That’s a pretty deep thought, hey brother? (laughs)
Very profound, very profound. How’d you go location shooting?
The only challenges were what nature threw at us. We didn’t have a huge crew, but enough of us so the logistics had to be sorted to get us around the bush and the wilderness and stuff and we had to really work hard to lug all the gear. It was raining and showing and all sorts – for instance, we didn’t realise that it was gonna snow, so that was a happy accident, really – something that nature threw at us and we didn’t have a choice, we just had to go with it. So now some of the film is in snow. But it makes everything better when you’re just open to accepting and not trying to control everything. That’s always my attitude anyway, going into work, is to always be very open to the unexpected and keeping an eye out, have an intuition for finding something that may be better than what you wrote. So it was cool, it was brilliant. And I love bringing together a crew and having a group of people all standing out in the wind and the rain and mud, trying to create or recreate emotion. It’s a funny image to see 40 people just standing there while two people say lines to each other. It’s the weirdest situation, 30 or 40 people just standing and staring at us while we have this conversation – that’s what we’re doing out there.
Obviously the reaction to the film has been huge. I believe it’s the biggest opening New Zealand film of all time? But they don’t count The Lord of the Rings.
Well, they were American films shot in New Zealand. They say a film is from somewhere when the funding comes from that country.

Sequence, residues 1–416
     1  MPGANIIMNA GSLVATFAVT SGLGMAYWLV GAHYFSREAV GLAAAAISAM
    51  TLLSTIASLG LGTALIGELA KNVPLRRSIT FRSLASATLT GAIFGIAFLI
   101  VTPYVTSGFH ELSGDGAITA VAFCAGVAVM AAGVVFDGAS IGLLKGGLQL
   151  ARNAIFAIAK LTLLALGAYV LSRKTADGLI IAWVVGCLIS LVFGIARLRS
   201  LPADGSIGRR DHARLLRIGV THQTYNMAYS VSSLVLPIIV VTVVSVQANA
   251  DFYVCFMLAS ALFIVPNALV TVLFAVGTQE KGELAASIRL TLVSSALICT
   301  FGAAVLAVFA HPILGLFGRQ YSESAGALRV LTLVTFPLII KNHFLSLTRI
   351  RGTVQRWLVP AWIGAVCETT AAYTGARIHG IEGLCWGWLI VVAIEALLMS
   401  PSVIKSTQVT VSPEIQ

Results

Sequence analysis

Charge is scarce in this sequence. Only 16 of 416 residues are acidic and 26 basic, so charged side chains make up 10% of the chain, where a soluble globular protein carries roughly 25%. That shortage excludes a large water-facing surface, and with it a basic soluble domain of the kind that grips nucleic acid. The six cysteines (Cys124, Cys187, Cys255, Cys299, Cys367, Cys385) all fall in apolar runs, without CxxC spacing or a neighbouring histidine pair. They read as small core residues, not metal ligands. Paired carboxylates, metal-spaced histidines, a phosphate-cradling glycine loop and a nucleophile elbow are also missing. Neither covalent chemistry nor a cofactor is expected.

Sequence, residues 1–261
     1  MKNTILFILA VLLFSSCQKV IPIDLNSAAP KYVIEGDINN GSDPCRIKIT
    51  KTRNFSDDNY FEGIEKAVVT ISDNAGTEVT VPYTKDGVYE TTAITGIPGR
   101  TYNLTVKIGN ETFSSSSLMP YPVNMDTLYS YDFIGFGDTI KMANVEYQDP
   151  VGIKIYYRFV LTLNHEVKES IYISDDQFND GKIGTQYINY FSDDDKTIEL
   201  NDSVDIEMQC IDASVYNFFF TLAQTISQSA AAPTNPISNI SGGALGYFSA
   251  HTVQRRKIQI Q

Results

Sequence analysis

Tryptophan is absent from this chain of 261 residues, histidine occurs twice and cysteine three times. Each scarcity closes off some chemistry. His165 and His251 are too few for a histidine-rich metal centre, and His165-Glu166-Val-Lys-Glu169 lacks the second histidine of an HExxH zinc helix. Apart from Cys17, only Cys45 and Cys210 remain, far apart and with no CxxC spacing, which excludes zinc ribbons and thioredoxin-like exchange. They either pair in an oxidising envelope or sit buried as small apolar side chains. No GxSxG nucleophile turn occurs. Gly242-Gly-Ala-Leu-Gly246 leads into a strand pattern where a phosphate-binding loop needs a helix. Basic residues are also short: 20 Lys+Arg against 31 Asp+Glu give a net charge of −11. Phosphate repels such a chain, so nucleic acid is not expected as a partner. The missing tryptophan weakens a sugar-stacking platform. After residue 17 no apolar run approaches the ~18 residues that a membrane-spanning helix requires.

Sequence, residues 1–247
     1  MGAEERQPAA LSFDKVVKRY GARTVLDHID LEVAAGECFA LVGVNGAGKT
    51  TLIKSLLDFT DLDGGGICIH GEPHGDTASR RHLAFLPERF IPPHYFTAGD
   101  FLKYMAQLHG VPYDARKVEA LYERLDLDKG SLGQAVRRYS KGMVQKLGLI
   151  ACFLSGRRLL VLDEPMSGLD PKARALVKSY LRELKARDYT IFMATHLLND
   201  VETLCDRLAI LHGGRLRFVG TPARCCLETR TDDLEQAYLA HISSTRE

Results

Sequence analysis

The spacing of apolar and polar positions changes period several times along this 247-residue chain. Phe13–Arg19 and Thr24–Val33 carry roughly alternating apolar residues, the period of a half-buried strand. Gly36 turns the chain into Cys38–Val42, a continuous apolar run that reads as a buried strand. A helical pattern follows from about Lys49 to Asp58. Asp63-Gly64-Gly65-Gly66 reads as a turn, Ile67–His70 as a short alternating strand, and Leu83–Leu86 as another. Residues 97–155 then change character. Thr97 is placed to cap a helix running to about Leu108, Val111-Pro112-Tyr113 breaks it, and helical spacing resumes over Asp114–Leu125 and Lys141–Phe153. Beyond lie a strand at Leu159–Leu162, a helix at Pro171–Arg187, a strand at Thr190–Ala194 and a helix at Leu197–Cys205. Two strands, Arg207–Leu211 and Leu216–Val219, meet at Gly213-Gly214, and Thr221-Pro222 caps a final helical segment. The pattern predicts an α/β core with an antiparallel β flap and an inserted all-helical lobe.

In Australia we cheat – we’ll claim anyone or anything. We’re claiming Fury Road.
Well, maybe you guys are right – it’s very Australian. But yes, it’s just taken the number two spot in the highest box office earnings for a local film, and the first film is my other film, Boy. It’s been really good for me because I’ve been in Australia working, and I don’t really have time to pay attention to that stuff. I mean, every morning I wake up and I see what the box office figures are, but apart from that I’m out of it – I don’t really have to deal with it at all.
How is the transition to big budget filmmaking going? How’s Thor going? (Waititi is currently directing Thor: Ragnarok for Marvel)
It’s going really well. I’m yet to really figure out the transition, other than you just hear the word ‘no’ a lot less than when you’re making independent films. You hear ‘we can’t afford it’ a lot less. It’s great. It’s no different to making an independent film, there’s just more people trying to do it. Everyone’s just trying to tell the best story and make the best product possible, and it’s the same in the indie world – there’s only a few slight differences, and one is obviously scale.